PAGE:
Flavour of the Week


  • Location, location, location! Looks like gut microbes have a global pattern – those living in Northern latitudes have more obesity-linked Firmicutes bacteria, and fewer Bacteroidetes, which are generally associated with healthier weight. Not surprisingly, this bacterial finding mirrors geographic obesity rates – overweight and obesity increase with latitude. Which came first? The Firmicutes or the excess body weight? More research is needed!
  • TGIFAn orange a day to keep the stroke away? When blood vitamin C levels of hemorrhagic stroke survivors were compared with healthy individuals, those who’d had a stroke were more likely to show depleted levels of the vitamin. Aside from citrus, other great sources of vitamin C include red bell peppers, broccoli, melons and berries.
    Aside from citrus, other great sources of vitamin C include red bell peppers, broccoli, melons and berries….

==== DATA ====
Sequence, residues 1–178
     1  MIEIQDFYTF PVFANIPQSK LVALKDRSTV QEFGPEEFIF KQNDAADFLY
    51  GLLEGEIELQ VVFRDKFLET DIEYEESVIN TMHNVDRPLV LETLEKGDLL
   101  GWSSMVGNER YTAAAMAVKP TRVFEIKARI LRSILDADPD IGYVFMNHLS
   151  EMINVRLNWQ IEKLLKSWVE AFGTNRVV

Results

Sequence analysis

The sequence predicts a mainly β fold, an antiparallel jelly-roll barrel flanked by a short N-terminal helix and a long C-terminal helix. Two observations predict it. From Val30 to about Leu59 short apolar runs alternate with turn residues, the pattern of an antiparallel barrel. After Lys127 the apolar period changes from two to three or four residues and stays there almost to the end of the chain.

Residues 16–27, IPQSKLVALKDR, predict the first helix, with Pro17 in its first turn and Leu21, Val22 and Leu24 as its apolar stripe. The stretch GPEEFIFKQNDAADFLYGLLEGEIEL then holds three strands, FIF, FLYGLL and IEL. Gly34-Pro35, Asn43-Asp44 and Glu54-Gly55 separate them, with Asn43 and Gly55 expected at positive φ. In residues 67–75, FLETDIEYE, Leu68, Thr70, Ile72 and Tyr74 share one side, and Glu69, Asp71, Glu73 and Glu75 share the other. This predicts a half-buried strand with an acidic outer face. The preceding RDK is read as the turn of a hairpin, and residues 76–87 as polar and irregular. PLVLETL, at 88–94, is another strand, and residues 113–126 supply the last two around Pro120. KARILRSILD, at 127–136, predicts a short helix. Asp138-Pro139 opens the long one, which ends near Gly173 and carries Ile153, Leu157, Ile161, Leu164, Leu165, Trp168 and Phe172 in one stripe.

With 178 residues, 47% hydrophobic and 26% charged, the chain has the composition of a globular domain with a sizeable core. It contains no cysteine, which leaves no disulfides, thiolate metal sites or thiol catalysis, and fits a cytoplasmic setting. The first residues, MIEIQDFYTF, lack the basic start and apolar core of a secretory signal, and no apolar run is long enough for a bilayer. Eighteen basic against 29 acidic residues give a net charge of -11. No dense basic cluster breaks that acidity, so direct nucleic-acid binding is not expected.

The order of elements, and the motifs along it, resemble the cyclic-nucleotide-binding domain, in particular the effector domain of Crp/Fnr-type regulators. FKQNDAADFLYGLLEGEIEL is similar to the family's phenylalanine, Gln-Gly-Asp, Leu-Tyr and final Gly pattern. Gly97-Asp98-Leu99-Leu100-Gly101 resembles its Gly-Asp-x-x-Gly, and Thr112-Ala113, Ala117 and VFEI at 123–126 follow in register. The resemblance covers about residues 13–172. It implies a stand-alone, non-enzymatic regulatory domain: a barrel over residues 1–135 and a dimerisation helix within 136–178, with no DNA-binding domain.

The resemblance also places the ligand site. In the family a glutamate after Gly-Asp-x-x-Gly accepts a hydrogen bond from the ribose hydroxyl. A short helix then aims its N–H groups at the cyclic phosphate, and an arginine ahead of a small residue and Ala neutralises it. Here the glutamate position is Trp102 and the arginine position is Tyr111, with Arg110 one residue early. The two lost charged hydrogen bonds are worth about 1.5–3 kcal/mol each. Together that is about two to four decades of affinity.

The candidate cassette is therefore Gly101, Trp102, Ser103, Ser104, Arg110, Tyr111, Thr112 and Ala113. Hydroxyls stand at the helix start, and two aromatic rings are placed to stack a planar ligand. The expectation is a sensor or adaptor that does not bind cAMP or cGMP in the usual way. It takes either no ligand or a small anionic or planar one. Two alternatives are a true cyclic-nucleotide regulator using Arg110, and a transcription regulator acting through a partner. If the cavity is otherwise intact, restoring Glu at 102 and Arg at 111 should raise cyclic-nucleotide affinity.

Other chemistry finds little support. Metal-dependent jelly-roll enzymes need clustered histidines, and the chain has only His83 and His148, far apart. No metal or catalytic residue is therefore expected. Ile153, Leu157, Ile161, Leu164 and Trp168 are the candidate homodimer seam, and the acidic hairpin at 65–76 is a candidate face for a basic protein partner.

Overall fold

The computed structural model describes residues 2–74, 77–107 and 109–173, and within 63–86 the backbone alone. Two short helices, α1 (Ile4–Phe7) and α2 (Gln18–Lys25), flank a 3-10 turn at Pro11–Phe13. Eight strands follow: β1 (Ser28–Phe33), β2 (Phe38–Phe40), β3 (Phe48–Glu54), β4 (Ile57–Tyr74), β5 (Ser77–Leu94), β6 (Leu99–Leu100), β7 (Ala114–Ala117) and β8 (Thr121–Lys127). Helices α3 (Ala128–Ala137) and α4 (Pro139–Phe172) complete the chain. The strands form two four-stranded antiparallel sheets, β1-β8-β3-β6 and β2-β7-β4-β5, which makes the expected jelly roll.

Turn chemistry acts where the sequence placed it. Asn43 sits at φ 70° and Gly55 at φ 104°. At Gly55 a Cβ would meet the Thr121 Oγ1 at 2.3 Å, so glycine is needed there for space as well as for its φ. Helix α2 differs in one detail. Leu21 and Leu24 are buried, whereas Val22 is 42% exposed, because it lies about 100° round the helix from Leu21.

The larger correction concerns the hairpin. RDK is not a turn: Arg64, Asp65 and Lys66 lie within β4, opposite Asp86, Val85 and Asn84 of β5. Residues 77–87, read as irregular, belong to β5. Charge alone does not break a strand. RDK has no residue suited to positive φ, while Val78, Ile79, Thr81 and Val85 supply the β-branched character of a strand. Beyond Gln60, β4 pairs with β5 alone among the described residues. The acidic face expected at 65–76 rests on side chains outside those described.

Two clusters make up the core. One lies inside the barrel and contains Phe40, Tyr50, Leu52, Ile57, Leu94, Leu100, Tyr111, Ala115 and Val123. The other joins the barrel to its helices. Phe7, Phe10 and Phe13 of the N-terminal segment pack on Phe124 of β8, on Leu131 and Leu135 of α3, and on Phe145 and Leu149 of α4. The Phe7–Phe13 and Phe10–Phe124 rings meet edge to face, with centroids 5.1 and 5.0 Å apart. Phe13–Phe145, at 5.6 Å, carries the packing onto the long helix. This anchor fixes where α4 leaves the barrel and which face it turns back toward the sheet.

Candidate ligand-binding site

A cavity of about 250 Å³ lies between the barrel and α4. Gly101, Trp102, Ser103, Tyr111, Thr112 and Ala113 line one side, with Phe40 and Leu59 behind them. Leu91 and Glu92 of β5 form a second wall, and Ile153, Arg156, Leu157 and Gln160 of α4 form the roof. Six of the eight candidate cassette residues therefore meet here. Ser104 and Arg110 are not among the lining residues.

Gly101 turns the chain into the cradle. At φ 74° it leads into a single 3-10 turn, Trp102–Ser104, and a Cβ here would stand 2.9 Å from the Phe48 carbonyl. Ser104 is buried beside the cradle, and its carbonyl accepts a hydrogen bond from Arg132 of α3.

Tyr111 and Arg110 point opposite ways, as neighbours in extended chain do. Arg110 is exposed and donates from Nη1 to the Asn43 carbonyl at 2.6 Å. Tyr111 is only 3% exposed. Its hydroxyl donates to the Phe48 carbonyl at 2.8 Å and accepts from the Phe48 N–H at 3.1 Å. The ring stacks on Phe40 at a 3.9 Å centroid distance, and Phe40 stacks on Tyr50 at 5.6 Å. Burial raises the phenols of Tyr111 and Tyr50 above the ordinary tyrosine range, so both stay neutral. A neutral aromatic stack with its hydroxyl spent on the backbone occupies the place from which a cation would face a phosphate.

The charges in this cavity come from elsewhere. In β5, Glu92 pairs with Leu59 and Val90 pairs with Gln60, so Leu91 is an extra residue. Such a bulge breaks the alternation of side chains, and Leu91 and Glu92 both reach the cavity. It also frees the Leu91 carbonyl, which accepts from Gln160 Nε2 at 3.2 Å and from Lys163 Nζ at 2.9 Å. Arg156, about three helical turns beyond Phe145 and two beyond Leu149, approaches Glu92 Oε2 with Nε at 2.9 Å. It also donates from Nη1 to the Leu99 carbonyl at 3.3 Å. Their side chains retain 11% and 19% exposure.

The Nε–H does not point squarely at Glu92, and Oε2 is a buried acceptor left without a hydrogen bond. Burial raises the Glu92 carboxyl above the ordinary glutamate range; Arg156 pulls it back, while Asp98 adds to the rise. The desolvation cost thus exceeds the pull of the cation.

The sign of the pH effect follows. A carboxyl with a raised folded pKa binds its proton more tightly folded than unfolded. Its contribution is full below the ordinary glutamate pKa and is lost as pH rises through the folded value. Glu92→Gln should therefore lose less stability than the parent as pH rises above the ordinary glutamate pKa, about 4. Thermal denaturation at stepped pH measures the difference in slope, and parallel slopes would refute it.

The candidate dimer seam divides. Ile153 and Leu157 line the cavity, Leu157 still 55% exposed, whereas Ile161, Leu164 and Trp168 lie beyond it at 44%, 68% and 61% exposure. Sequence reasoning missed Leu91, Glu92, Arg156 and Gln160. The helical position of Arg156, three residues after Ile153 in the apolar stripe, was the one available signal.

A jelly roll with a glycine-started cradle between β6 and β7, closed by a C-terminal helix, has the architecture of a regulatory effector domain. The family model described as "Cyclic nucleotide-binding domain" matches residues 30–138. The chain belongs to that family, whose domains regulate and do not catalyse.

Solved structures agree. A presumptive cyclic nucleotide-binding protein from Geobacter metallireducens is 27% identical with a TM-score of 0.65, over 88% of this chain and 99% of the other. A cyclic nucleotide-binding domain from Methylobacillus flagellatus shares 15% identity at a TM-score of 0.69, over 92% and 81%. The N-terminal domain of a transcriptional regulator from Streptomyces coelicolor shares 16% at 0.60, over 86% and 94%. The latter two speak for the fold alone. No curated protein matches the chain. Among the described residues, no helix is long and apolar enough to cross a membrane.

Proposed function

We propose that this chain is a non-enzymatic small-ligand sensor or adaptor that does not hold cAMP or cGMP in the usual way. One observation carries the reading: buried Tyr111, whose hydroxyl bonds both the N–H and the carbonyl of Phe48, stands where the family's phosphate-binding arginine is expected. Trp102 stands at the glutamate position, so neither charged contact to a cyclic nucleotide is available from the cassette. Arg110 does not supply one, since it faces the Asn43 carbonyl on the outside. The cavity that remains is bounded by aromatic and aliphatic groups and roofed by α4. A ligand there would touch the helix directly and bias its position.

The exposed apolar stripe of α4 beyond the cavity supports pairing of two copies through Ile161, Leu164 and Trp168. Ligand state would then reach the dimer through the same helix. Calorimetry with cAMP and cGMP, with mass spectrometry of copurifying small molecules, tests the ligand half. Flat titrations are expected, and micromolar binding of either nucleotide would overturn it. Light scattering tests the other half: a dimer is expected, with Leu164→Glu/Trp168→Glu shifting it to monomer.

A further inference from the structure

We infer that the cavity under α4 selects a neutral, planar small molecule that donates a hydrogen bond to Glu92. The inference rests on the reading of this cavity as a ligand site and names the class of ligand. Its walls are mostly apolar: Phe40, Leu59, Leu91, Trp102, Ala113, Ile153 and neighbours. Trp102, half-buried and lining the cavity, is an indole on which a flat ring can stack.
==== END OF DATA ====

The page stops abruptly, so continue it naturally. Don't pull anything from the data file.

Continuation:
• People who work shifts have higher pro-inflammatory diets, which may account for higher rates of chronic disease and poorer health among those doing shiftwork. Researchers used the “Dietary Inflammatory Index” to assess diet quality, which effectively scores foods based on their effect on inflammatory markers in the body. Diets rich in vegetables and fruit, omega-3s and fibre score lower (i.e., less inflammatory) than pro-inflammatory diets loaded with sugar and saturated fats.
  • Easy access spells big trouble for those living close to fast food. New research from the UK has shown that children living closest to fast food restaurants are more likely to be overweight or obese than those living farther away from burgers, pizza and candy shops.  The relationship was strongest for older children and teenagers.
  • Multi-generational effect of diet during pregnancy? Data from the Philippines suggests what you eat while pregnant may impact the birthweight of your daughter’s future children! In a study of 3,000 women, a women’s infancy nutrition and her mother’s diet during pregnancy both predicted birth weight in her children. Phew! Catch that all?

    How is this happening? While still a new research area, transgenerational epigenetic inheritance suggests that the environment women are exposed to while in their mother’s uterus may effect their own developing eggs and the health of their subsequent children – everything ranging from obesity, disease risk and behaviour. Still controversial, but interesting nonetheless!

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